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I'm finding a lot about creating pretty URIs and whatnot using mod_rewrite but what I'm looking for is a way to remove elements of a URL (as far as the viewer is concerned) and not just moving stuff around and/or reorganizing.

I need this:


to be this:


Basically, let's get rid of /foo in the URL.

Is that possible?

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What's the logic behind this? Is this just for one controller? –  meder Jul 27 '09 at 23:38
Just to clean up the URL, really. It's a Wordpress installation and it's sitting in a dir one down from public_html. Just trying to clean things up. –  J. LaRosee Jul 27 '09 at 23:53

2 Answers 2

up vote 1 down vote accepted

You can easily achieve that by simply dropping what you want to lose:

RewriteEngine On
RewriteRule ^foo/(.*)$  $1  [R=301,NE,L]

That should effectively remove foo/ from your URL. If you don't want the address bar to reflect this change, remove R=301. The NE parameter is there to make sure that the request is not escaped.

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Doesn't this do the exact opposite of what he wants? He wants the URL to be example.com/bar, and refer to the file at /foo/bar. This rewrite rule seems to turn example.com/foo/bar into the file at /bar. Or maybe I just don't know enough about mod_rewrite? –  Nick Lewis Jul 27 '09 at 23:49
If he wants to refer to /bar as /foo/bar, then he would need a rule for each /foo he wanted to reference –  Tyler Carter Jul 27 '09 at 23:53
Hmm... so something like: RewriteRule (these|are|the|dirs|I|want|to|filter|out)/(.*)$ $1 [R=301,NE,L] –  J. LaRosee Jul 27 '09 at 23:56
@Andrew: This is what I've got now, modified w/ your suggestion. Still doesn't want to work. You might see why where I don't: <IfModule mod_rewrite.c> RewriteEngine On RewriteBase /blog2/ RewriteCond %{REQUEST_FILENAME} !-f RewriteCond %{REQUEST_FILENAME} !-d RewriteRule . /blog2/index.php RewriteRule ^blog2/(.*)$ /$1 [R=301,NE,L] </IfModule> –  J. LaRosee Jul 27 '09 at 23:57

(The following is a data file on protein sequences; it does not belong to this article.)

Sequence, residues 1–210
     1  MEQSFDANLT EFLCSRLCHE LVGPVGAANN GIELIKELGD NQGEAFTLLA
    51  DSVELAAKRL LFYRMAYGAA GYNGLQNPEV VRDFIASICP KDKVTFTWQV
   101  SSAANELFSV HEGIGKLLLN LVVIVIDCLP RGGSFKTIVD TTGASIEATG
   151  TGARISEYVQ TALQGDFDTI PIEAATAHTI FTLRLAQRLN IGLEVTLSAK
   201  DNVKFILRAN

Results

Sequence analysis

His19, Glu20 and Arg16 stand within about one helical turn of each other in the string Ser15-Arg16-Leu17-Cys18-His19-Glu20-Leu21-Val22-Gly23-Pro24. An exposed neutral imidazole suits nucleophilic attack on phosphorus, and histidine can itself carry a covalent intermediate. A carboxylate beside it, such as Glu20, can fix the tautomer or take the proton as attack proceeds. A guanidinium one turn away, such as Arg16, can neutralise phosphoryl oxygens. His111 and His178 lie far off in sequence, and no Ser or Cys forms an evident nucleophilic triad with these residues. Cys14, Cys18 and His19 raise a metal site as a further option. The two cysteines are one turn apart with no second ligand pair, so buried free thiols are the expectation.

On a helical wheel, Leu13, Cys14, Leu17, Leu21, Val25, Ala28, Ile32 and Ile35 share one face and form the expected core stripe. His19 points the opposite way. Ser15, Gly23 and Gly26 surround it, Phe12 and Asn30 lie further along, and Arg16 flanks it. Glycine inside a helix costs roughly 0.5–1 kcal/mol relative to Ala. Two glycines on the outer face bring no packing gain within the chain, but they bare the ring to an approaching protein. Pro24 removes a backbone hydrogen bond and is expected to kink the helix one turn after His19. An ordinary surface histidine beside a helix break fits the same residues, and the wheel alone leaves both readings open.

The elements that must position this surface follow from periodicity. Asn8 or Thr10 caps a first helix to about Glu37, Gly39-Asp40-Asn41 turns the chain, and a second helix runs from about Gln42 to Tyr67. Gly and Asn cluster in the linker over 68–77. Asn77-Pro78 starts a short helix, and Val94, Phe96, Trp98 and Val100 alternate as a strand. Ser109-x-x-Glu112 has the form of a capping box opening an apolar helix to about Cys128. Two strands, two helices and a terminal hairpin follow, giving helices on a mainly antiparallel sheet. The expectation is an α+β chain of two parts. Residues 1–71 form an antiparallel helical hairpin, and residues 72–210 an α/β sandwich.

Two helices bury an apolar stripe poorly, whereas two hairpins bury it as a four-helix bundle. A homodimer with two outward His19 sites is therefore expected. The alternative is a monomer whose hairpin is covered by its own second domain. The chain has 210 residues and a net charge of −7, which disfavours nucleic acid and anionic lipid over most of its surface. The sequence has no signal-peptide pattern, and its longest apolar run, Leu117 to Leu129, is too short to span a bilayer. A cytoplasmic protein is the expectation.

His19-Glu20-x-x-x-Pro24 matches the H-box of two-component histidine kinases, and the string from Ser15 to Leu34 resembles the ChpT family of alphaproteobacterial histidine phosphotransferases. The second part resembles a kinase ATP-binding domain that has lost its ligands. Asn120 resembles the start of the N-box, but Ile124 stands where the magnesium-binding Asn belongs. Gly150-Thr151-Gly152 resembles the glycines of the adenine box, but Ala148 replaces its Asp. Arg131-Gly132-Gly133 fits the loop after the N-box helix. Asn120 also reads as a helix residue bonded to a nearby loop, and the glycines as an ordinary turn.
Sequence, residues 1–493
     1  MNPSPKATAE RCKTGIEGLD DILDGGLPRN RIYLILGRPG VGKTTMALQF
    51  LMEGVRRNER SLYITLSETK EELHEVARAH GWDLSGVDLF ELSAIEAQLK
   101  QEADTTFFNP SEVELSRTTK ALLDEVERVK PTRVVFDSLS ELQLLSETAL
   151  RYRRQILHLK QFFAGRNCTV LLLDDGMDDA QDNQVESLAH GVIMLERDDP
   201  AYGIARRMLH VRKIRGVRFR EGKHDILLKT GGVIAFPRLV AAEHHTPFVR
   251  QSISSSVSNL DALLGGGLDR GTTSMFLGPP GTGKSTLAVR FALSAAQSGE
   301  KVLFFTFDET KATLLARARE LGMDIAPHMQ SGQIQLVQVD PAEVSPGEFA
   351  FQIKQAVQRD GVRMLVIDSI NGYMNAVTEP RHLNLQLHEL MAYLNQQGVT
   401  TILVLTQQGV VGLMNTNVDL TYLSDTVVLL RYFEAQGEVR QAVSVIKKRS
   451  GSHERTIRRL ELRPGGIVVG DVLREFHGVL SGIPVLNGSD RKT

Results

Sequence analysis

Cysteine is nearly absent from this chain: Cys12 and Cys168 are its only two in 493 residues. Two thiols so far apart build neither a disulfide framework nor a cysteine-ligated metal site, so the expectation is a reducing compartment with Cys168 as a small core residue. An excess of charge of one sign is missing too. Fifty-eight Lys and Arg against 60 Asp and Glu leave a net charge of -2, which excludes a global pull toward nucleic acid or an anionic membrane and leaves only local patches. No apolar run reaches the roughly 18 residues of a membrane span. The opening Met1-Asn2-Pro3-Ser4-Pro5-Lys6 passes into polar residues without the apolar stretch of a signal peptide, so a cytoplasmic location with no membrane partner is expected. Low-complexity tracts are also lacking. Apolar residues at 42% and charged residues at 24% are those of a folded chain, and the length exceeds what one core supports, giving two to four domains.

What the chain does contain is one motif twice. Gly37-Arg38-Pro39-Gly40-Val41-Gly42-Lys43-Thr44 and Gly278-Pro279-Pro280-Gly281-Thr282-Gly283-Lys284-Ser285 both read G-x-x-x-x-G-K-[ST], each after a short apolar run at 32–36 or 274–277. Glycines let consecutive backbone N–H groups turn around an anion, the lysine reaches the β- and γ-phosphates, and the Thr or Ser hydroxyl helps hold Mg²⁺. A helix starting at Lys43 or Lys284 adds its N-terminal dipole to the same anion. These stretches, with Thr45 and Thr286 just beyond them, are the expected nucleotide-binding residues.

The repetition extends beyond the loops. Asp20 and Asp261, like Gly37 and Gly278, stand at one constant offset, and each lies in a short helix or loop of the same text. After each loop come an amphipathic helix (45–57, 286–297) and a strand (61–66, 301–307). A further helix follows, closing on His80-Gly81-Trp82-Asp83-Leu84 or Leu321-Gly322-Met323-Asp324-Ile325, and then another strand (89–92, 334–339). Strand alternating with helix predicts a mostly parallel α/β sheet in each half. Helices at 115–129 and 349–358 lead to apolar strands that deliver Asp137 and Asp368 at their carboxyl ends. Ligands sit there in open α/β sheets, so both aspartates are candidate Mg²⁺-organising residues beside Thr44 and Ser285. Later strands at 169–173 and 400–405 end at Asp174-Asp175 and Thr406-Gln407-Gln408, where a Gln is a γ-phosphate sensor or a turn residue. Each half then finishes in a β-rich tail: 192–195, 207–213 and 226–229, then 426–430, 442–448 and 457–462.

Remove your RewriteBase statement. –  Andrew Moore Jul 28 '09 at 0:06

NOTE: Most of these instructions came from here, "Giving Wordpress its Own Directory".

If it is Wordpress specifically, this can be handled by adding an index.php that looks like this to the directory you want to be the base:

 * Front to the WordPress application. This file doesn't do anything, but loads
 * wp-blog-header.php which does and tells WordPress to load the theme.
 * @package WordPress

 * Tells WordPress to load the WordPress theme and output it.
 * @var bool
define('WP_USE_THEMES', true);

/** Loads the WordPress Environment and Template */

In Wordpress settings, you need to let it know the difference between the "actual" Wordpress URL and the one you want everyone else to use:

(These were under "Settings" for me...)

Also, I cannot remember if this is done automatically or not (I thought it was), but the .htaccess where you put the index.php file will need to look like this:

# BEGIN WordPress
<IfModule mod_rewrite.c>
RewriteEngine On
RewriteBase /
RewriteCond %{REQUEST_FILENAME} !-f
RewriteCond %{REQUEST_FILENAME} !-d
RewriteRule . /index.php [L]

# END WordPress
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I guess this was more a questions about WP rather than mod_rewrite. –  J. LaRosee Jul 28 '09 at 0:09

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